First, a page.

In Brief: British comedian Will Hay – little known in the U.S. – stars in Convict 99, one of his best films. As is usually the case, he plays a lazy, incompetent and not particularly honest English schoolmaster, only here he's mistaken for an Australian expert on prison reforms and given the job of warden at a large penitentiary that he proceeds to run along the lines of a boys' school. As an introduction to the star's brand of very British comedy, this is probably the best place to start.
In Brief: This 1994 Australian comedy-drama was more than a surprise hit. It also introduced the world to Hugo Weaving and Guy Pearce, who starred as a pair of flamboyant drag queens, along with Terence Stamp as a transsexual. This is the tale of their trek into the outback via the bus of the title. Though promoted mostly on its comedy and camp value, not to mention its disco soundtrack, the film is about equal parts comedy and frequently quite moving drama. It's a gem of a warm and winning film.
The Story: A functional alcoholic literature teacher and a physically-impaired art teacher lock horns over which is more powerful -- words or pictures -- while becoming increasingly involved with each other personally. The Lowdown: A contrived screenplay is trumped by star power, directorial skill and witty dialogue. Flawed, yes, but very enjoyable and satisfying. Check it out.
In Brief: After fleeing Nazi Germany, Fritz Lang stopped in France and made this 1934 version of Ferenc Molnar's Liliom for Fox's European branch. The results are uneven, but fascinating, and provide us with our introduction to Charles Boyer. Part of the problem with the whole thing stems from the inescapable fact that Molnar's play is ultimately a weird apology for wife (and child) beating as not necessarily a bad thing. Still, the drama has its moments and the film its merits.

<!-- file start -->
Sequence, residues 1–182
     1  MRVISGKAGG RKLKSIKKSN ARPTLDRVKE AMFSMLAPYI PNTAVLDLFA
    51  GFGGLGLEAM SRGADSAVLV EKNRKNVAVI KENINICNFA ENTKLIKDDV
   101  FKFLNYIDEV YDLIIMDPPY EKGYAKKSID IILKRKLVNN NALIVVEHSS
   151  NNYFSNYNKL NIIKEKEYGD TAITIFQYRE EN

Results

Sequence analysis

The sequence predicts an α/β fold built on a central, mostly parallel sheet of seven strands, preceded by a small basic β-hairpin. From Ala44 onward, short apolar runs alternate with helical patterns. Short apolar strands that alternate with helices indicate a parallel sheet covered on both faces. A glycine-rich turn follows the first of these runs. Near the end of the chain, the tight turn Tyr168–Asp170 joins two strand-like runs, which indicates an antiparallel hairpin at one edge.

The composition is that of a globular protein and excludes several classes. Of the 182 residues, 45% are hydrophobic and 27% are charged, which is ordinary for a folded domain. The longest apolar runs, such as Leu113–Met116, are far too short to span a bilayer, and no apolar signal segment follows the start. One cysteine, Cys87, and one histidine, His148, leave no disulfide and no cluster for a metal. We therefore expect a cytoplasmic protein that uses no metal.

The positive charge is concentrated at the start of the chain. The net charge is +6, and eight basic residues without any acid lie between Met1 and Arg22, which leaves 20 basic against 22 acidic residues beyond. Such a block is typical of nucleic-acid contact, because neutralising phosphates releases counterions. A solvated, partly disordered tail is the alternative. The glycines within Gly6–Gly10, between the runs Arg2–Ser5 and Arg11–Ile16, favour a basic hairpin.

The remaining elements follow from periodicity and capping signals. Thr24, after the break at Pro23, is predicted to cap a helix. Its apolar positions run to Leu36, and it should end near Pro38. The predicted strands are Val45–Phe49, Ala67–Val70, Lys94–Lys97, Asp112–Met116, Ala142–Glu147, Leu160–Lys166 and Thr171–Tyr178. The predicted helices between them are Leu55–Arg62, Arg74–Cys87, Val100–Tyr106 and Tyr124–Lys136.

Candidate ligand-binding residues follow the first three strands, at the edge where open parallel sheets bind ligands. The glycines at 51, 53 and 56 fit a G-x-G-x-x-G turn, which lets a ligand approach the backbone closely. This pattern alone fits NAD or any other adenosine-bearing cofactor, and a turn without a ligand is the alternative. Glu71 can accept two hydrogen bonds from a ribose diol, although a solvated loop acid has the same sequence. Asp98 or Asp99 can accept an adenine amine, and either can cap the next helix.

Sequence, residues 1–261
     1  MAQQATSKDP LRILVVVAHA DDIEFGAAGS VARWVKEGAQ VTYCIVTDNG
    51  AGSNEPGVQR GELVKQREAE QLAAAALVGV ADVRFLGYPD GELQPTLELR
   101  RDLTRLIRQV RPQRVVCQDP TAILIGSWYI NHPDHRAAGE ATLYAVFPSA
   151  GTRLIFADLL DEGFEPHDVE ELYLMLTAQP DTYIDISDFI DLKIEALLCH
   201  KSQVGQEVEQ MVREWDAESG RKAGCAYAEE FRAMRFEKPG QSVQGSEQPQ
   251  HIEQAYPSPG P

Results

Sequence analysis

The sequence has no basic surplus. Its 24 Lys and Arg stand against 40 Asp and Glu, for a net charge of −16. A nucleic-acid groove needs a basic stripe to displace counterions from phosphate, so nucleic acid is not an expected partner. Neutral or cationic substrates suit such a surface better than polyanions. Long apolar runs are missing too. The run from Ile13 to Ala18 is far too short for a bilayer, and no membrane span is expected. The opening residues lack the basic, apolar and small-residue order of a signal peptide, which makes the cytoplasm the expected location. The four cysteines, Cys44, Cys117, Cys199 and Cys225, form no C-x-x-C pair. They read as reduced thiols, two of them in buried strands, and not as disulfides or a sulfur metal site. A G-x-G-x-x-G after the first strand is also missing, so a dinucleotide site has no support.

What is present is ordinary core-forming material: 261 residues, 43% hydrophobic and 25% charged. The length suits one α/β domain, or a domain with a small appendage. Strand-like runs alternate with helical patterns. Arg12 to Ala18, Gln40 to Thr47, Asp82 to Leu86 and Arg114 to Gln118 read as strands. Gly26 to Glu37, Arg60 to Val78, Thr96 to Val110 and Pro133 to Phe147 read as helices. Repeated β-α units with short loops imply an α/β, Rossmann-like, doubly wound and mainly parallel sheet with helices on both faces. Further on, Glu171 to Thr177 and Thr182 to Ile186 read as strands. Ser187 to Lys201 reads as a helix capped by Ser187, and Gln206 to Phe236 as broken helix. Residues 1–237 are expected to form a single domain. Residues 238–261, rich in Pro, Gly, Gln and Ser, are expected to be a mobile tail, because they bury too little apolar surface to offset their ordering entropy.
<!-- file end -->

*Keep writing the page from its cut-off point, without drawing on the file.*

In Brief: The ultimate cult item in the Coen Brothers' filmography, the impossibly convoluted The Big Lebowski (1998) was hardly a hit when it first appeared. Roger Ebert gave it a mildly positive review as a "genial shambling comedy," which still strikes me about right. However, time and taste have proved kind to the film, making it a solid, if wayward, classic of its kind.
Starring: Humphrey Bogart, Ingrid Bergman, Paul Henreid, Claude Rains, Conrad Veidt, Dooley Wilson, Sydney Greenstreet, Peter Lorre
In Brief: Possibly the most beloved of all movies, Michael Curtiz's Casablanca (1942) is a combination of happy accidents, studio professionalism and plain dumb luck that came together to create the most perfect of all Hollywood studio movies, a perfect blend of studio system efficiency that still allowed for personal creativity. It has more quotable lines and crowd-pleasing scenes than a dozen other movies put together. If you've (unthinkably) never seen it or if you've only even seen it on TV, this screening is a chance to see it on the silver screen and to understand how it came to be called the silver screen in the first place with its gloriously shimmering images. If there is such a thing as a truly perfect film, this may be it.
Starring: Tom Cruise, Emily Blunt, Brendan Gleeson, Bill Paxton, NoahTaylor, Jonas Armstrong, Tony Way
The Story: A cowardly public relations man forced into battle against aliens finds himself repeating the day every time he gets killed. The Lowdown: Clever and fast-paced with a welcome streak of dark humor, this sci-fi actioner is undeniably entertaining, if ultimately not terribly substantial, despite an intriguing premise.